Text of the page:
Valve’s Source Engine debuted in 2004 (I feel old) with the release of Half-Life 2 and Counter-Strike : Source (along with a favourite of mine, Vampire the Masquerade: Bloodlines). Many gamers consider the engine to be long-in-the-tooth, and believe that the aging engine doesn’t produce the visual acuity gamers expect from modern engines.
That doesn’t mean that Valve is planning or working on a new Engine; quite the contrary in fact. Valve plans on updating and refining its modular engine instead of scrapping it for a new one.
Speaking to Develop, Valve’s rotund boss Gabe Newell extolled the virtues ofÂ â€œadvantages on iterating on a mature and stable and shipped codebase, as opposed to starting over again.â€
â€œI think, when you see a game like DOTA 2, you’ll see how developers can get a lot more out of Source than most companies can get from a scratch-built engine,â€ he said. â€œI think that incremental updates model has worked really well for us. Does that mean we’ll reach some architectural tipping-point where we’ll need to change? Noâ€¦ so far we’ve been able to keep the engine moving ahead, robustly. I mean, I think it looks great.â€ He has a point; their recently released Portal 2 might lack the visual effects of some of other contemporary titles, but it’s still a visually remarkable game. Its lack of photo-realistic graphics hasn’t impacted its quality either; it’s one of the highest rated games on Metacritic at the moment. Still, you’ll not hear any complaints from me if future Source-based games spiffed it up a bit, especially when Half-Life 3 finally rolls around.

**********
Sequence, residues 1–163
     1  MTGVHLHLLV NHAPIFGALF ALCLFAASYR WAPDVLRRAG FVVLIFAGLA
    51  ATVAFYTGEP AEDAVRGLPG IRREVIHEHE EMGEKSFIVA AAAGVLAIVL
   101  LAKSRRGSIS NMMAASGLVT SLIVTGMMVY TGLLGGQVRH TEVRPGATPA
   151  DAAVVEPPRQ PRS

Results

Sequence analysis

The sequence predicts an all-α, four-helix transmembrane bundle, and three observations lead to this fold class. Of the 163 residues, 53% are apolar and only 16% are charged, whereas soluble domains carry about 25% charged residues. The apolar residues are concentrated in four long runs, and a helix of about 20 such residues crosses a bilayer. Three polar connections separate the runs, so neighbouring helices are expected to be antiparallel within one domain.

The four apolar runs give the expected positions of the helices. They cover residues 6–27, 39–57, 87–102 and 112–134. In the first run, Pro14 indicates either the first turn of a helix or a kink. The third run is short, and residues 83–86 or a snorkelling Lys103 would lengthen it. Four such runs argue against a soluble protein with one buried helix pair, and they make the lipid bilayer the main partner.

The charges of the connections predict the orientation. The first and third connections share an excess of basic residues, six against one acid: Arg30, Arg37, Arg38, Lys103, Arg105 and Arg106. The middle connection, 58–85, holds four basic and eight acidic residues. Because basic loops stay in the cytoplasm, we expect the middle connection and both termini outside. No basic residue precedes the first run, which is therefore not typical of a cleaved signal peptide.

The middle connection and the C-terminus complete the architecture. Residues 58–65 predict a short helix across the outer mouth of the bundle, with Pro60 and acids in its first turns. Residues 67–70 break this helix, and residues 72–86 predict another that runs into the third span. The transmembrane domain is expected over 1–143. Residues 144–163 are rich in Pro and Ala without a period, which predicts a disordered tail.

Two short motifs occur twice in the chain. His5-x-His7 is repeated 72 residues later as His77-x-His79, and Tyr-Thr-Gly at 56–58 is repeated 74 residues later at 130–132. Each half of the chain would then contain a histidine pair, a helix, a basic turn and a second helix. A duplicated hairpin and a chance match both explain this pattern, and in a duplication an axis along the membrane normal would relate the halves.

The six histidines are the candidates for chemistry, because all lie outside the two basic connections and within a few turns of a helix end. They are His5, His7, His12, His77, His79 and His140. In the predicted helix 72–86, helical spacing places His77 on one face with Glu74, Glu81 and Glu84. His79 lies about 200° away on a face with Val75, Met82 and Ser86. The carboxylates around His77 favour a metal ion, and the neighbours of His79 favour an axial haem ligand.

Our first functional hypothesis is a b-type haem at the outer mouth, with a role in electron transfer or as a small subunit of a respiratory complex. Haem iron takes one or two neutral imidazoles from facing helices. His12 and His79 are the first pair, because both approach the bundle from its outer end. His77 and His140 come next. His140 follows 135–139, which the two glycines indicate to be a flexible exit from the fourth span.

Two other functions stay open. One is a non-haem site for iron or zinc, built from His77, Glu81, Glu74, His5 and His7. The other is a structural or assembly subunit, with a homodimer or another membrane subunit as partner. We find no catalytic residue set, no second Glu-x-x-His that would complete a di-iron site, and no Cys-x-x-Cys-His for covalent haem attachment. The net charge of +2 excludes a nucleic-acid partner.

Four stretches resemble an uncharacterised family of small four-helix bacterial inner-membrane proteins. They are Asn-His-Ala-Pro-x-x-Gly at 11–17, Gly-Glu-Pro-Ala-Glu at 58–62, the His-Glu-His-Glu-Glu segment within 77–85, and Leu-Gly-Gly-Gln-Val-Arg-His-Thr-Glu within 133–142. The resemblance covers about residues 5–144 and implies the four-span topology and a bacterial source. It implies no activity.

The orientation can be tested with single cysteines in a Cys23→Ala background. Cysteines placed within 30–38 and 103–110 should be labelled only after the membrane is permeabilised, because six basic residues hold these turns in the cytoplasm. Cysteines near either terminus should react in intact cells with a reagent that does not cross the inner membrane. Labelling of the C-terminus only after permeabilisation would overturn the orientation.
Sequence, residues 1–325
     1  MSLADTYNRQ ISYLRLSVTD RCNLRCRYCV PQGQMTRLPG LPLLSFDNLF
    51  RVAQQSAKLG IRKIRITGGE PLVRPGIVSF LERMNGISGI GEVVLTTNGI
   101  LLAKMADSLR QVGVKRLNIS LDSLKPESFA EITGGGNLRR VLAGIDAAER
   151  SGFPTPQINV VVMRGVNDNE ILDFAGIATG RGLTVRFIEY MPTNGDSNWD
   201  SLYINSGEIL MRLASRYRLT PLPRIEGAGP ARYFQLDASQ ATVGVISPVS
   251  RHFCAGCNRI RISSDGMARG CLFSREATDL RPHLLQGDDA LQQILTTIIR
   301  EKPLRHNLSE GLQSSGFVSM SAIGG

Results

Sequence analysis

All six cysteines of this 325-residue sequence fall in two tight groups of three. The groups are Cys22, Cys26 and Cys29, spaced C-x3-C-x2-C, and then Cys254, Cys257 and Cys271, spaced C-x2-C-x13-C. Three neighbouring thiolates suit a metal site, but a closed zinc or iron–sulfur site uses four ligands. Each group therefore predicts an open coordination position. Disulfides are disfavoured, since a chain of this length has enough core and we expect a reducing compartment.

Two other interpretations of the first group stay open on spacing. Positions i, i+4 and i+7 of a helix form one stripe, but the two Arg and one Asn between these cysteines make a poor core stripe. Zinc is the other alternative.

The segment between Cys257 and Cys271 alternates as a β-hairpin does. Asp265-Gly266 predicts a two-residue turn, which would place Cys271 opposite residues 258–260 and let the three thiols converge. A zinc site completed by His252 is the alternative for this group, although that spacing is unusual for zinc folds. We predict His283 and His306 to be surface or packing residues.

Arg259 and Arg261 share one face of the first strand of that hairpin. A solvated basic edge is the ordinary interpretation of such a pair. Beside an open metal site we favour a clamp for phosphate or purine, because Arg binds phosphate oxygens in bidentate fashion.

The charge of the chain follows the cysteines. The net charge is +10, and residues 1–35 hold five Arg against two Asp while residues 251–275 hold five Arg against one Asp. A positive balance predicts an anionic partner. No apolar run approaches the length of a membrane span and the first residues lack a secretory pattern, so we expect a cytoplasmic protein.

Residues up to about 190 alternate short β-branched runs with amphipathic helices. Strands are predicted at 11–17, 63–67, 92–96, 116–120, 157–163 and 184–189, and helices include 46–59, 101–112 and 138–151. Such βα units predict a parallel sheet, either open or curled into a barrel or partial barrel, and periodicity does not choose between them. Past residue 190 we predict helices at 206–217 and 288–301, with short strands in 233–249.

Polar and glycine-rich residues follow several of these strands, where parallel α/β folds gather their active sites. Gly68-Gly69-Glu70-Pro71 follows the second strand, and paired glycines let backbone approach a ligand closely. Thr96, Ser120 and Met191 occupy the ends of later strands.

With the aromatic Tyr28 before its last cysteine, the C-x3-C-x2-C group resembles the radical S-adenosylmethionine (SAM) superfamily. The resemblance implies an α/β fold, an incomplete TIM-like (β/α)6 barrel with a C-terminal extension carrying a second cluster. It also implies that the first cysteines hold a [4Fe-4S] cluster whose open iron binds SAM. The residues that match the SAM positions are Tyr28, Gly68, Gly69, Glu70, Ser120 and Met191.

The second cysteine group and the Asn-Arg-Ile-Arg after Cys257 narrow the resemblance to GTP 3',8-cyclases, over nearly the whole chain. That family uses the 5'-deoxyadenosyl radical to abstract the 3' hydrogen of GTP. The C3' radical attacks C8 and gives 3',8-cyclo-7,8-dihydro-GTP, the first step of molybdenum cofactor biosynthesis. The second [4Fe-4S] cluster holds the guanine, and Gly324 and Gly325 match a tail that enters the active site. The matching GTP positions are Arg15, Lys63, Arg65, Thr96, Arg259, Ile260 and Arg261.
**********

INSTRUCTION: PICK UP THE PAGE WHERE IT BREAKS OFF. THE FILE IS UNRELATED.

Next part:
Newell also elucidated on why Valve isn’t all that interested in licencing its technology out.
â€œWe’re really happy if another studio wants to use our engine, but we’re not going to go out there and try and muscle in on what Epic Games does,â€ he said. â€œA few people have used our engine, and I think a few more will find it useful now that we have a PS3 edition. Y’know, we’re happy if people want to use our tools. We’re also super happy if people want to use Unreal Engine. We’ve worked hard with the guys at Epic Games to integrate Steamworks into Unreal Engine, which we think will be a great solution.
Last Updated: May 16, 2011